Slaying the Nuclear Dragon
Disarmament Dynamics in the Twenty-First Century

Edited by Tanya Ogilvie-White and David Santoro

Exploring new directions in nuclear disarmament

Reviews

"This excellent collection of essays outlines different governments' views on the wisdom or folly of nuclear disarmament. Much has been written on the subject since President Obama embraced the vision of a nuclear weapon free world in his April 2009 Prague speech, but almost all of the existing literature focuses on the U.S. debate. Slaying the Nuclear Dragon breaks new ground with detailed empirical studies of key governments' positions for and against the disarmament vision."
—Professor Scott Sagan, Stanford University, Palo Alto, California

"Slaying the Nuclear Dragon highlights the ways that various actors in the international community diverge in their views of the feasibility and desirability of nuclear disarmament. Ogilvie-White and Santoro present an innovative way to categorize these various national positions, and the contributors offer compelling analyses of the events and trends that shape attitudes toward nonproliferation. The volume provides an insightful assessment of the complex issues that animate global nuclear disarmament efforts."
—James J. Wirtz, Naval Postgraduate School, Monterey, California


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Description

In recent decades the debate on nuclear weapons has focused overwhelmingly on proliferation and nonproliferation dynamics. In a series of Wall Street Journal articles, however, George Shultz, William Perry, Henry Kissinger, and Sam Nunn called on governments to rid the world of nuclear weapons, helping to put disarmament back into international security discussions. More recently, U.S. president Barack Obama, prominent U.S. congressional members of both political parties, and a number of influential foreign leaders have espoused the idea of a world free of nuclear weapons.

Turning this vision into reality requires an understanding of the forces driving disarmament forward and those holding it back. Slaying the Nuclear Dragon provides in-depth, objective analysis of current nuclear disarmament dynamics. Examining the political, state-level factors that drive and stall progress, contributors highlight the challenges and opportunities faced by proponents of disarmament. These essays show that although conditions are favorable for significant reductions, numerous hurdles still exist. Contributors look at three categories of states: those that generate momentum for disarmament; those with policies that are problematic for disarmament; and those that actively hinder progress—whether openly, secretly, deliberately, or inadvertently.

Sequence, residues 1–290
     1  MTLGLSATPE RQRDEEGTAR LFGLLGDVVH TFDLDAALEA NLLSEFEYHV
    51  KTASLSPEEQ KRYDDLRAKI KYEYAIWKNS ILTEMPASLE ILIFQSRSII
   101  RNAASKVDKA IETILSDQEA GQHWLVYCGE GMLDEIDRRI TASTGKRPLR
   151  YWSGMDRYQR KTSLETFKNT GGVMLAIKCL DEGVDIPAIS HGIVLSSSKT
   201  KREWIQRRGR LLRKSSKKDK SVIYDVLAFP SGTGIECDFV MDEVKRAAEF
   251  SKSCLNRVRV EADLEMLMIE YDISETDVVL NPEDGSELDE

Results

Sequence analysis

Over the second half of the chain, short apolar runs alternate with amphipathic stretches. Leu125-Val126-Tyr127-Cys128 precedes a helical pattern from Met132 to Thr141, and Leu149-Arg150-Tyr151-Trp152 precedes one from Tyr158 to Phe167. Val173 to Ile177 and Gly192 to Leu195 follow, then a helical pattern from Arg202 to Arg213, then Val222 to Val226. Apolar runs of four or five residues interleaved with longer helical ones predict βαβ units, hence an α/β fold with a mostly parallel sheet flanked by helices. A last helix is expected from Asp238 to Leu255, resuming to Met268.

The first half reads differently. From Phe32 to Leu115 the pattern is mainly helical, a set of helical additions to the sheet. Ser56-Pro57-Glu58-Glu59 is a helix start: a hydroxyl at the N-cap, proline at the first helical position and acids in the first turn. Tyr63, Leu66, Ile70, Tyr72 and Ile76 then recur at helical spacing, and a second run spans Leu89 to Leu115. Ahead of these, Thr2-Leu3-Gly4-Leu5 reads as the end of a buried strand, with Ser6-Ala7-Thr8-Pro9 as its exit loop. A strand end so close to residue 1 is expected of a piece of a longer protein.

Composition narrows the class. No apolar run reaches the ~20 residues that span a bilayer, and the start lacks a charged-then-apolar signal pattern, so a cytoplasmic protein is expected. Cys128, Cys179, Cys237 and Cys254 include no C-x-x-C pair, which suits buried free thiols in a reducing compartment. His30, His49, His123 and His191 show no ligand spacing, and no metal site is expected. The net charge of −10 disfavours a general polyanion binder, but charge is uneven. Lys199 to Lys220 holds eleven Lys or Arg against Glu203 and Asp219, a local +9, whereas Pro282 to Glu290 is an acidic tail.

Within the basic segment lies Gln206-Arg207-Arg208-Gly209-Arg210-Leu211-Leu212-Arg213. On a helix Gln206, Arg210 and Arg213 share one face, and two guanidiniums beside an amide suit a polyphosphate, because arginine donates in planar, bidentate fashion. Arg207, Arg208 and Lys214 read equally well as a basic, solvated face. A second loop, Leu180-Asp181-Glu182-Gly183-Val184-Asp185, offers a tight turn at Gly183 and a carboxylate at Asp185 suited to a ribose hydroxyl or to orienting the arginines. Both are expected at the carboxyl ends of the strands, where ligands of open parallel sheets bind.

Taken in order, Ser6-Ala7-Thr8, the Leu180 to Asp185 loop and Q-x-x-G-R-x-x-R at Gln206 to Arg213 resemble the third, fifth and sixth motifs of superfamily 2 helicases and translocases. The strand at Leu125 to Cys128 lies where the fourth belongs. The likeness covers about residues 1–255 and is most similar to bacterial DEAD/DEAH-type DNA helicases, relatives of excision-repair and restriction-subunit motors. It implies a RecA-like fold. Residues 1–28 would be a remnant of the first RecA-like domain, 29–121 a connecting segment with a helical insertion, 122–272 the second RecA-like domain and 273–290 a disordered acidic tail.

Nuclear deterrence was long credited with preventing war between the two major Cold War powers, but with the spread of nuclear technology, threats have shifted to other state powers and to nonstate groups. Slaying the Nuclear Dragon addresses an urgent need to examine nuclear disarmament in a realistic, nonideological manner.

Series/imprint:
Studies in Security and International Affairs

Page count: 360 pp.
1 table
Trim size: 6 x 9

 



Hardcover
List price: $74.95
978-0-8203-3689-3
3/1/2012

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978-0-8203-4246-7
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Tanya Ogilvie-White is a senior lecturer in the School of Social and Political Sciences at the University of Canterbury in New Zealand and a consulting fellow at the International Institute for Strategic Studies in London. She is coauthor of Nuclear Weapons Policy at the Crossroads and editor of a forthcoming volume of the correspondence of Michael Quinlan. David Santoro is a senior fellow for nonproliferation and disarmament at Pacific Forum CSIS. He is the author of Treating Weapons Proliferation: An Oncological Approach to the Spread of Nuclear, Biological, and Chemical Technology. Both editors worked on this volume as recipients of the 2010–11 Stanton Nuclear Security Fellowship at the International Institute for Strategic Studies.